Women in Senegal protest against ‘rape culture’

More than half of the population in Dakar, Senegal, are women and quite a number of them have been abused and raped by the opposite sex. 

It has become a ‘culture’ as it constantly happens in the communities. Organizations concerned with women rights and other civil rights societies have pushed the government with campaigns to finally criminalize rape and paedophilia in Senegal. This was made lawful early last year, January 2020, which prescribes a maximum punishment of life imprisonment for perpetrators and 10-year imprisonment as a minimum sentence.

Despite the law, sexual violence against women and children persist. And the arrest of the popular opposition leader Ousmane Sonko over an alleged rape case this year stirred up tensions in the country.

Sonko, a 46-year-old and a Muslim denied the allegations. The issue led to public disorder and he was detained by the police but was later released.

Currently, feminists in Senegal are actively fighting against the justice system and the excessive tolerance towards violence against women and children.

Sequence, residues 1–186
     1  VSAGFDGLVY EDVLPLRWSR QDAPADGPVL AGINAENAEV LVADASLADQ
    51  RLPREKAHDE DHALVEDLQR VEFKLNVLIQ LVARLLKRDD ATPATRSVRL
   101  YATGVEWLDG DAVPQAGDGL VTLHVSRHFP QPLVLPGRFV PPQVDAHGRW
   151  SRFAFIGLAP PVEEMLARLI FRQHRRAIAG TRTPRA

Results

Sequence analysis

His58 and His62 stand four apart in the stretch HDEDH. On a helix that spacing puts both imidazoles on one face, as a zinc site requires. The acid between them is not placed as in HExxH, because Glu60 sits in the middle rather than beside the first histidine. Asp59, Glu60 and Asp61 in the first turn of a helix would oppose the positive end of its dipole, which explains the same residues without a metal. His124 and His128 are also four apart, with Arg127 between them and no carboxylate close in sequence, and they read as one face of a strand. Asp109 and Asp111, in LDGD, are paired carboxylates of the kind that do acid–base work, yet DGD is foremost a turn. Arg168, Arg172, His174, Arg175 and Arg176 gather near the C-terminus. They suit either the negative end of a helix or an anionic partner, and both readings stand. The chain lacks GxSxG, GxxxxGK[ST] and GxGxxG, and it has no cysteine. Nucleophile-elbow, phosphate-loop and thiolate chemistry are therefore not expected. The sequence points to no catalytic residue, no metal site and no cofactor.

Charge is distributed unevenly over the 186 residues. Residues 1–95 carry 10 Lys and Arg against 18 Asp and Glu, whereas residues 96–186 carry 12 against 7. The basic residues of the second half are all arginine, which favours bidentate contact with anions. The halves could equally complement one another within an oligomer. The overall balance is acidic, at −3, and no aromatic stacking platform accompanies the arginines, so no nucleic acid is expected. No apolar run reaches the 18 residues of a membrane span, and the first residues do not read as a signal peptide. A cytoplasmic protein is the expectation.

Aissatou Sène, spokesperson at the protest on Saturday held at the Place de la Nation, said:

“We expect the state to provide structures, shelters, and everything needed to support victims. What we want from the state today is for women, who make up more than half the population, to feel safe.”

She emphasized:
“We are here for all the “Louise”, we are especially here for a “Louise” who was raped, filmed and this pornographic film of a minor was shared and the author did not worry until we, the feminists, denounced it. The trigger is this violence that Senegalese women are subjected to. If justice and the law were applied and rapists received the sentences they deserved, we wouldn’t be here today,”.

By Elijah Christopher

Elijah Christopher

Elijah Christopher is a journalist at A New Touch Of Africa, is also a creative writer, a poet, and an IT enthusiast. He contributed to the collaborative poem written in celebration of Edwin Morgan Centenary, the first Glasgow poet laureate and Scottish national poet from the University of Glasgow. He loves meeting people and learning about new places, cultures, events, and lifestyles.

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